Possible Nova in Sagittarius

   A possible nova (not yet to be confirmed) was discovered by Astronomer John Seach, Chatsworth Island, NSW, Australia, on March 15th and reported to the IAU. See link below.
   The possible Nova is easily located within the teapot shaped asterism of Sagittarius as these pictures show.
http://www.cbat.eps.harvard.edu/unconf/followups/J18365700-2855420.html


   Pictures were taken this morning at around 5 am CST from a location along 50 Highway west from where I live in Lee’s Summit Missouri. These are cropped from the original which was taken with the following settings. 18 mm lens; 6-seconds; f3.5; ISO 1600.
   The nova is currently at around 5th magnitude meaning that it could be seen with the naked eye in dark enough skies. I added apparent magnitudes for 4 stars near the Nova’s location.
   From my picture location the sky was still too bright but I was pretty sure I saw the nova using 10×50 binoculars.

   
   
   
   
   
   
   
   
   
   
   
   
   
   
   
   

[centup]
Caution: Objects viewed with an optical aid are further than they appear.
Click here to go to the Qué tal in the Current Skies web site for more observing information for this month.

Mars Passes Two Globular Clusters

25 October - The Teapot and the Milky Way

The Teapot and the Milky Way

   For the last couple of days my posts have described the Milky Way as viewed from my mid-northern latitude location, and the path Mars was taking across the Milky Way as it passed by the Lagoon Nebula. This is an area of the Milky Way above the teapot-shaped asterism for Sagittarius where numerous deep sky objects are visible to the unaided eye, or seen using binoculars. Deep sky objects are outside the solar system but are either within the Milky Way Galaxy and would include nebula, and star clusters (globular and open), or deep sky objects are the galaxies outside of ours.

mars2-ani   Over the next week Mars continues its eastward ‘march’ and will pass by two globular star clusters, coming within about 0.20o from M-28 on 2-3 November, and about 1o from M-22 on the 6th. This animated graphic is set to 1-day intervals and starts on October 27th and ends on November 9th. Globular cluster M-28 has an apparent magnitude of 8.5 and is estimated to be 19000 light years distant, in Sagittarius. Also in Sagittarius is globular cluster M-22 at a distance of 10000 light years with an apparent magnitude 6.5.

galaxy-parts   A globular star cluster is a compact group of stars numbering in the tens of thousands to a few million. Round in appearance globular star clusters are mostly located in the galaxy’s halo, a spherical area around the galaxy center where the older stars in the galaxy are located. Globular clusters contain the oldest stars in the galaxy.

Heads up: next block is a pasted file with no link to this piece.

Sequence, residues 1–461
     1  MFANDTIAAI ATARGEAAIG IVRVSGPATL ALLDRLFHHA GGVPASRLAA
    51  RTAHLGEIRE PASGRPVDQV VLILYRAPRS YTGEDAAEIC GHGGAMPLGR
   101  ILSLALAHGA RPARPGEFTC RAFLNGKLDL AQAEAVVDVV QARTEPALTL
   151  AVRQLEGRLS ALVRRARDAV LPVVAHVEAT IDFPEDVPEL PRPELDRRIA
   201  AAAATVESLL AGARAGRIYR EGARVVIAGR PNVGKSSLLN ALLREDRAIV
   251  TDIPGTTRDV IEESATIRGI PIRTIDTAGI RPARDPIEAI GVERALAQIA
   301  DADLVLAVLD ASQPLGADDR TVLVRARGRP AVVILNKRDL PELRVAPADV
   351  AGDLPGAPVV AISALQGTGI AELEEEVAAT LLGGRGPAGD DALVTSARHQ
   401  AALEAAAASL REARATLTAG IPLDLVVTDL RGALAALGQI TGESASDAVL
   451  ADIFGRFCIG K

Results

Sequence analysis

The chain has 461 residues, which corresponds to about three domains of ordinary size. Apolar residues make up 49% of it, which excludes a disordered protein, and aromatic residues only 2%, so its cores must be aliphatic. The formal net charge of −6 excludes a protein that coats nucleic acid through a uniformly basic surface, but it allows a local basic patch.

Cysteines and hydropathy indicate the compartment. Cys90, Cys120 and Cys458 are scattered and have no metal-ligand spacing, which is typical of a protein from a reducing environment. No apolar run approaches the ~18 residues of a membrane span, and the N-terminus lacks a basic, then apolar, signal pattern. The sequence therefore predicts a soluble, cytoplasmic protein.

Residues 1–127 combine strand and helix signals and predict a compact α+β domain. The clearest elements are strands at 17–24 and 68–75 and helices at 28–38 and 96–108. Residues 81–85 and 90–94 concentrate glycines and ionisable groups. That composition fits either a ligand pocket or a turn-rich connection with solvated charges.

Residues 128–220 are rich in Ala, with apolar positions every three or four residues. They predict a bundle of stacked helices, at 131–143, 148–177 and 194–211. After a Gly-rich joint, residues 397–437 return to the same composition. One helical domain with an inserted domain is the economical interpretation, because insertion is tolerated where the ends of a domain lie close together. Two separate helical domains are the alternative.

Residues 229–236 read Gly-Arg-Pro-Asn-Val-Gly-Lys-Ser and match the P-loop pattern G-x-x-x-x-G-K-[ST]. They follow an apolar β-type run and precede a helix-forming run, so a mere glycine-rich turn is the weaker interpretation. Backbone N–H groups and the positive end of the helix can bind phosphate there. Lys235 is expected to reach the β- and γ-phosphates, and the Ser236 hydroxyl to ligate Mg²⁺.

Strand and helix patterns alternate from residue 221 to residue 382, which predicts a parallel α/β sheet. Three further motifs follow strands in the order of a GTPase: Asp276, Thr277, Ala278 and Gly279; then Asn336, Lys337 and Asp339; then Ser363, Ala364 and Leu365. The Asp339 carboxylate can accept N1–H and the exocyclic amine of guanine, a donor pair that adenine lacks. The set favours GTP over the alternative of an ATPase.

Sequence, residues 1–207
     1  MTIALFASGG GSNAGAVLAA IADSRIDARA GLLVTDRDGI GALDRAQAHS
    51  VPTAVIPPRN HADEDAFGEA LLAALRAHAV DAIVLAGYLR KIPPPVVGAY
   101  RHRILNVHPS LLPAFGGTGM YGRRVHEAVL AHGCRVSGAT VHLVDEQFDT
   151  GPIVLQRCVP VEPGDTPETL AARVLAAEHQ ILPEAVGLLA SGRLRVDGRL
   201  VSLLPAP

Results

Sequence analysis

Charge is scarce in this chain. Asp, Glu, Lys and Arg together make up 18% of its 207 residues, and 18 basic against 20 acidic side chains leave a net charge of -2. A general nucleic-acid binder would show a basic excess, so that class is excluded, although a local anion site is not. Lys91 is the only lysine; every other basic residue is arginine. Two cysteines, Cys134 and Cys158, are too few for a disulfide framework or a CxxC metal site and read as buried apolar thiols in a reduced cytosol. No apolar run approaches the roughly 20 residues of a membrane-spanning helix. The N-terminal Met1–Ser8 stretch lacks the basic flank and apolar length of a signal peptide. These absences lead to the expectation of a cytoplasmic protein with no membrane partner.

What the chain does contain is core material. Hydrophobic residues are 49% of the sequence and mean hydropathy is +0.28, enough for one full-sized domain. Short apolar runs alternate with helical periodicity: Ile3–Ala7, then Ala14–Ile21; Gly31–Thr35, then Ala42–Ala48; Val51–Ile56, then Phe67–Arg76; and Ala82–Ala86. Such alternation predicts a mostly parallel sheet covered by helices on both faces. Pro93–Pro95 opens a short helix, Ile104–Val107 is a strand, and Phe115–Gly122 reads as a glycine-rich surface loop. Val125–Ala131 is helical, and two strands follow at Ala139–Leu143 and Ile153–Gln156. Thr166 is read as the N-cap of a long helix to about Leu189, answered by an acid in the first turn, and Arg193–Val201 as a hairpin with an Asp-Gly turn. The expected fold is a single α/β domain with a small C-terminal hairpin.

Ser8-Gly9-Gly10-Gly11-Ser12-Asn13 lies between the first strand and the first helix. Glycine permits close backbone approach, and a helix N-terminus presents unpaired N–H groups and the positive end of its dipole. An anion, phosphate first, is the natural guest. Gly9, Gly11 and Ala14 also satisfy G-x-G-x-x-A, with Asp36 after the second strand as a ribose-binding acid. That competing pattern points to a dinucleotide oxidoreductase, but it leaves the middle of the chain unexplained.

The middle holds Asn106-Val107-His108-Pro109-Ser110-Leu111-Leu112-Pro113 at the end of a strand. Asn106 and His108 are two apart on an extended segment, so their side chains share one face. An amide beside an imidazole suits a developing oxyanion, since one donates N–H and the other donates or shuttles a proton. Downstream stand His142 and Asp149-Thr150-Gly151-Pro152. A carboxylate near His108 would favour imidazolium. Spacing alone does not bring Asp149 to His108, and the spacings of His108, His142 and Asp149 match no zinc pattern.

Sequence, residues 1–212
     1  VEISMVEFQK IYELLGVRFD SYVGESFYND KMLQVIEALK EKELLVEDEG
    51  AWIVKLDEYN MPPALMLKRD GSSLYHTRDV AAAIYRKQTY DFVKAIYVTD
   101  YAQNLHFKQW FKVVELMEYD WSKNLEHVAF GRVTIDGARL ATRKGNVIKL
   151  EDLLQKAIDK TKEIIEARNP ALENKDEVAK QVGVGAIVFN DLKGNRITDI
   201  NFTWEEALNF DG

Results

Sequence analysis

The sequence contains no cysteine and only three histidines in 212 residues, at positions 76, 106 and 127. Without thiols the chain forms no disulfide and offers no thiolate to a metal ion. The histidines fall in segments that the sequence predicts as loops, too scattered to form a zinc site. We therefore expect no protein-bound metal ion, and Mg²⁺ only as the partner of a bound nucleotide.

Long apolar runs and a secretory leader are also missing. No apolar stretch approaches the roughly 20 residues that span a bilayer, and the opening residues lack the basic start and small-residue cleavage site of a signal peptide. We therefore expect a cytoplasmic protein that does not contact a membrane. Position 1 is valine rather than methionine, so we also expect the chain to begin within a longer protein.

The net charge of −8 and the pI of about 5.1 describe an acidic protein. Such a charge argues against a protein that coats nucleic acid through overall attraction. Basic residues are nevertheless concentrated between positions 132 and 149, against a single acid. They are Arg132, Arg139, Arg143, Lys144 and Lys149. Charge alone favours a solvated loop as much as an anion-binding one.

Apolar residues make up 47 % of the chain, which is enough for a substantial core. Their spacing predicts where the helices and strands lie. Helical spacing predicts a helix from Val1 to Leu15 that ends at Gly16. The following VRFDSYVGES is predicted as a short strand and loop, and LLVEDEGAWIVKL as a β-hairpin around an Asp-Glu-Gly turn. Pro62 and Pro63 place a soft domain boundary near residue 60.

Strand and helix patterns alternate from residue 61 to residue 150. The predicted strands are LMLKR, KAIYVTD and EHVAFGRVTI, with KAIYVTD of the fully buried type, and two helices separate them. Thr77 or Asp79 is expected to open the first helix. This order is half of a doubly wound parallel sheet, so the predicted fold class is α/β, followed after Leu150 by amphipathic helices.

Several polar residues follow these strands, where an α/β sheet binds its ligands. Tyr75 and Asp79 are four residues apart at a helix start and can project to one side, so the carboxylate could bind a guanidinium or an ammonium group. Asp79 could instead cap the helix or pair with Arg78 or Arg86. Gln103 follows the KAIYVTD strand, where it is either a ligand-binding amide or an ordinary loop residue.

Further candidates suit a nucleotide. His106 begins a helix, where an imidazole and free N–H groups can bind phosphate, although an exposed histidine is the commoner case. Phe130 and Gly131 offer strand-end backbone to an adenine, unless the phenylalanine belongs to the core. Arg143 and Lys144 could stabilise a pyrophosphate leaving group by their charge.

[centup]
Caution: Objects viewed with an optical aid are further than they appear.
   Click here to go to the Qué tal in the Current Skies web site for more observing information for this month.

We Are Here!

   I just had to share this! Be advised that there are some ‘F-bombs’ and other lesser swear words.

“We live in the cosmic equivalent of an f***ing cul-de-sac.”

                                (from the Onion — of course)

   
   
   
Caution: Objects viewed with an optical aid are further than they appear.
   Click here to go to the Qué tal in the Current Skies web site for more observing information for this month.

Which Way Are You Going?

   This semester I have a Physical Science class in addition to my Astronomy class and during last night’s discussion about speed and acceleration I mentioned that the speed of an object is always relative or with reference to something else. I even added that “quote” from Einstein’s mother, “Everybody is a relative.”
4 motions   Seriously, in discussing this I dipped into Astronomy and talked about how the Earth and other planets in our solar system all have at least 4 general motions relative to the Sun and the galaxy. And that even the galaxy is in motion and its speed is also relative. On the Earth we rotate (1,000 mph at the equator); we revolve around the Sun (67,000 mph); along with the rest of the solar system we are following the Sun toward the star Vega (43,920 mph); and with regard to the galaxy we are revolving around the galactic center (483,000 mph) as are other stars in the galaxy.
   
   
Click here to go to the Qué tal in the Current Skies web site for more observing information.